Peroxynitrite, a potent oxidant formed in vivo from the reaction of nitric oxide with superoxide, can mediate low-density liprotein (LDL) oxidation which is thought to increase the risk of atherosclerosis. This study investigates the inhibitory effect of the isoflavones, genistein and daidzein, together with their glycosidic forms, genistin and daidzin, on the peroxynitrite-mediated LDL oxidation and nitration of tyrosine. Genistein and daidzein were observed to dose-dependently inhibit peroxynitrite-mediated LDL oxidation, while their glucoside conjugates showed less activity. Moreover, all the isoflavones used in this study were found to be potent peroxynitrite scavengers, preventing the nitration of tyrosine. The ability of the isoflavones at 50 μM to decrease the tyrosine nitration induced by peroxynitrite (1 mM) was in the ratios of genistein (49%), daidzein (40%), daidzin (41%) and genistin (42%) when compared to the control (tyrosine incubated only with peroxynitrite). These results suggest that an intake of isoflavones could contribute to protecting against cardiovascular diseases and chronic inflammatory diseases.
Glycolaldehyde, an intermediate of the Maillard reaction, and fructose, which is mainly derived from the polyol pathway, rapidly inactivate human Cu,Zn-superoxide dismutase (SOD) at the physiological concentration. We employed this inactivation with these carbonyl compounds as a model glycation reaction to investigate whether carnosine and its related compounds could protect the enzyme from inactivation. Of eight derivatives examined, histidine, Gly-His, carnosine and Ala-His inhibited the inactivation of the enzyme by fructose (p<0.001), and Gly-His, Ala-His, anserine, carnosine, and homocarnosine exhibited a marked protective effect against the inactivation by glycolaldehyde (p<0.001). The carnosine-related compounds that showed this highly protective effect against the inactivation by glycolaldehyde had high reactivity with glycolaldehyde and high scavenging activity toward the hydroxyl radical as common properties. On the other hand, the carnosine-related compounds that had a protective effect against the inactivation by fructose showed significant hydroxyl radical-scavenging ability. These results indicate that carnosine and such related compounds as Gly-His and Ala-His are effective anti-glycating agents for human Cu,Zn-SOD and that the effectiveness is based not only on high reactivity with carbonyl compounds but also on hydroxyl radical scavenging activity.
To assess effects of the environmental stress on polyphenol compounds (polyphenols) in plants, the polyphenol contents were investigated in the seedlings of safflower (Carthamus tinctrius L.) and cucumber (Cucumis sativus L.) grown under three types of growth conditions: control; light stress, irradiated with strong light in the visible wavelength range; and light/water stress, irradiated with strong visible light with a limited water supply. The total polyphenol contents and the amounts of the major polyphenols, especially luteolin 7-O- glucoside in safflower cotyledons, and luteolin 7-O-glucoside and luteolin in safflower foliage leaves, increased in response to both stresses. The polyphenol increasing effect of light/water stress was clearly observed in safflower compared to cucumber, suggesting that plants that are resistant to these stresses can accumulate substantial amounts of polyphenols compared to the plants which respond weakly to the stresses.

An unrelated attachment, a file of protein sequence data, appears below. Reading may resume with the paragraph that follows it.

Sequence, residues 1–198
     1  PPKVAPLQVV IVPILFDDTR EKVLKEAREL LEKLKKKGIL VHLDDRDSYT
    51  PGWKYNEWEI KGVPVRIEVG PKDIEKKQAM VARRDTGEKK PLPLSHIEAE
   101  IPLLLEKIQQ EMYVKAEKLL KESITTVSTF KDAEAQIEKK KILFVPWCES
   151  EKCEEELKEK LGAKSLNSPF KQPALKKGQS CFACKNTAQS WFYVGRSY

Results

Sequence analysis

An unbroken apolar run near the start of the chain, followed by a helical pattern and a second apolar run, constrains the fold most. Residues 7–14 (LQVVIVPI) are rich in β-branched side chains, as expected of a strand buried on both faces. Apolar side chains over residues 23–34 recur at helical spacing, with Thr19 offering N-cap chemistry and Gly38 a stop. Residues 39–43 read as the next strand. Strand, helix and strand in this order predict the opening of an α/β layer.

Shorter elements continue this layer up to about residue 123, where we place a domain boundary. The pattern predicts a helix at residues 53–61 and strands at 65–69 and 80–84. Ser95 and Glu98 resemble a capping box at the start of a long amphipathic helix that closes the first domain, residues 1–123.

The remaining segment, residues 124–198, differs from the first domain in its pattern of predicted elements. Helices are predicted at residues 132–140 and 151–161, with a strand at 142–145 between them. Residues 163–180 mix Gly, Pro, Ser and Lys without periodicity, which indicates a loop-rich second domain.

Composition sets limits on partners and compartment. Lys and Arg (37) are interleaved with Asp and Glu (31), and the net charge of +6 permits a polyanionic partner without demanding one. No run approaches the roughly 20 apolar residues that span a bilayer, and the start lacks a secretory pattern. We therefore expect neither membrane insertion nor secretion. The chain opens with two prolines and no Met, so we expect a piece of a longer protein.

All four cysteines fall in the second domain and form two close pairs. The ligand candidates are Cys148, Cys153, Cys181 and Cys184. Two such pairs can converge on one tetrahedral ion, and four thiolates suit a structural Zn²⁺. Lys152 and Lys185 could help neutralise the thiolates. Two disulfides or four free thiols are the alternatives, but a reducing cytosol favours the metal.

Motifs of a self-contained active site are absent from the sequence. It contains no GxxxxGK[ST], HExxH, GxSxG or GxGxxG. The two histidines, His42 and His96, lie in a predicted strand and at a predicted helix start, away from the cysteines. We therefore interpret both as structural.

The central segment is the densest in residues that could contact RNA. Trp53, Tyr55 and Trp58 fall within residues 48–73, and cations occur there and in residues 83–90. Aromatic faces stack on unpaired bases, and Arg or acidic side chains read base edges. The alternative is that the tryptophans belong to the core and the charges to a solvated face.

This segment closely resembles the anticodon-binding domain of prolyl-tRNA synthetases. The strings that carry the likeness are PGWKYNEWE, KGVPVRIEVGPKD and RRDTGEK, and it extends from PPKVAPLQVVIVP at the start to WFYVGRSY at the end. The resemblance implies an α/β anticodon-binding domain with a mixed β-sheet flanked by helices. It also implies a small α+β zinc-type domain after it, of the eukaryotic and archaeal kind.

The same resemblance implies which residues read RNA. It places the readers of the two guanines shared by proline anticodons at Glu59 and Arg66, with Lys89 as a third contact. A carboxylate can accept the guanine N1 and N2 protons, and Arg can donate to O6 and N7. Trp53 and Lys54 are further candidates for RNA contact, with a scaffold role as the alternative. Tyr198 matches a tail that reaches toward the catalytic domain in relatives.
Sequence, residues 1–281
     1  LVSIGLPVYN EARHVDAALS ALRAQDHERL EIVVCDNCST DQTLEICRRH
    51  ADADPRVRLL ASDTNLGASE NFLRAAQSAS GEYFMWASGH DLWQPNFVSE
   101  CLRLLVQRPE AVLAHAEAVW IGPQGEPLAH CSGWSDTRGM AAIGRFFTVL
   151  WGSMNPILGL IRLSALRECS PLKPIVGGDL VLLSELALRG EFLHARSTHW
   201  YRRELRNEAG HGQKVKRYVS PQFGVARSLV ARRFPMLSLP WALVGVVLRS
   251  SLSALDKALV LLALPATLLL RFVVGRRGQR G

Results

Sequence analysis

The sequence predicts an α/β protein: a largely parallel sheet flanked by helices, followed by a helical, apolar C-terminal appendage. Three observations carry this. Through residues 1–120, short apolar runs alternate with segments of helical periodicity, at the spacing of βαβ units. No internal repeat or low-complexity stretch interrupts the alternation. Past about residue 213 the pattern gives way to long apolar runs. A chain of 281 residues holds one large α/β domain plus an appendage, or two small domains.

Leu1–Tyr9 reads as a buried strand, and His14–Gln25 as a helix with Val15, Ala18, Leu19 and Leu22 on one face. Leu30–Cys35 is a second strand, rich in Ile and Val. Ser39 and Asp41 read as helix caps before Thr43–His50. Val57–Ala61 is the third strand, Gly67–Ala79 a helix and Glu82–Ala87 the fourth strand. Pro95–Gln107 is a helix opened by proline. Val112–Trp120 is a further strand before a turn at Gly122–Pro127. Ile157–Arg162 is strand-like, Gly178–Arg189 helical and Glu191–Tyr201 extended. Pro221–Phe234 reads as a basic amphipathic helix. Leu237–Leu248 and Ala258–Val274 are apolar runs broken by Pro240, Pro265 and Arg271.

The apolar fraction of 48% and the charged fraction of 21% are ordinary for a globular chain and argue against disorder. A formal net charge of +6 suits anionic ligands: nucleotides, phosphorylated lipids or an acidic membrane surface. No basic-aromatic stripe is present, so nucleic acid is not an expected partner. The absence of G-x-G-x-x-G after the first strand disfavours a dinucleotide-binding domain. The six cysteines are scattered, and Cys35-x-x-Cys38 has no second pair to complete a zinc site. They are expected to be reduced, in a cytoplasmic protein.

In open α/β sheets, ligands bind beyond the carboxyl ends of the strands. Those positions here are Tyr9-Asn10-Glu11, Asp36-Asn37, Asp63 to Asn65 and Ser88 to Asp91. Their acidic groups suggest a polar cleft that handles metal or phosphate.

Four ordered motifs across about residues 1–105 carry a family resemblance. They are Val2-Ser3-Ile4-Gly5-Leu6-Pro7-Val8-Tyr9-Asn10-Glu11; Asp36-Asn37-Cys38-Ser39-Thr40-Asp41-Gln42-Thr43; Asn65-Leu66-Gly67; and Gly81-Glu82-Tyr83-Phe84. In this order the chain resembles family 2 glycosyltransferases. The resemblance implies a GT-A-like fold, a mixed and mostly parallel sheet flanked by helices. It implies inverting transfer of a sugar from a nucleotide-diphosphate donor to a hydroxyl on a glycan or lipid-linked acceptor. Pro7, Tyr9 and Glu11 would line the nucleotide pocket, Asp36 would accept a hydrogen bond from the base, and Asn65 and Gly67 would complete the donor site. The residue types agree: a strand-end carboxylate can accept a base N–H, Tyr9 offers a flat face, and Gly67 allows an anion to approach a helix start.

Two polyunsaturated fatty acids (PUFAs) or their esters were mixed, and their oxidation processes were measured at 65°C and ca. 0% relative humidity. Except when a PUFA ester was mixed with a free PUFA, the oxidation of the less-oxidative PUFA was promoted as its content in the mixture decreased, while the oxidation of the more-oxidative PUFA was delayed with a decrease in its content. A kinetic model is proposed whereby a PUFA acts as the diluent for another PUFA, and the oxidation rate of the PUFA is proportional to the product of the unoxidized PUFA concentration and the sum of the concentrations of the oxidized PUFA and the other oxidized PUFA. This model well expressed the oxidation processes of the PUFAs in their mixed system.
In this paper, we examined the effects of dietary protein from proso millet on liver injury induced by D-galactosamine or carbon tetrachloride in rats using serum enzyme activities as indices. D-galactosamine- induced elevations of serum activities of aspartate aminotransferase, alanine aminotransferase, and lactate dehydrogenase were significantly suppressed by feeding the diet containing 20% protein of proso millet for 14 days as compared with those of rats fed a 20% casein diet, but not in the case of carbon tetrachloride. The results showed that proso millet protein is effective at lower dietary protein levels than that of dietary gluten reported previously. Therefore, the findings reported here may suggest that proso millet protein is considered to be another preventive food for liver injury.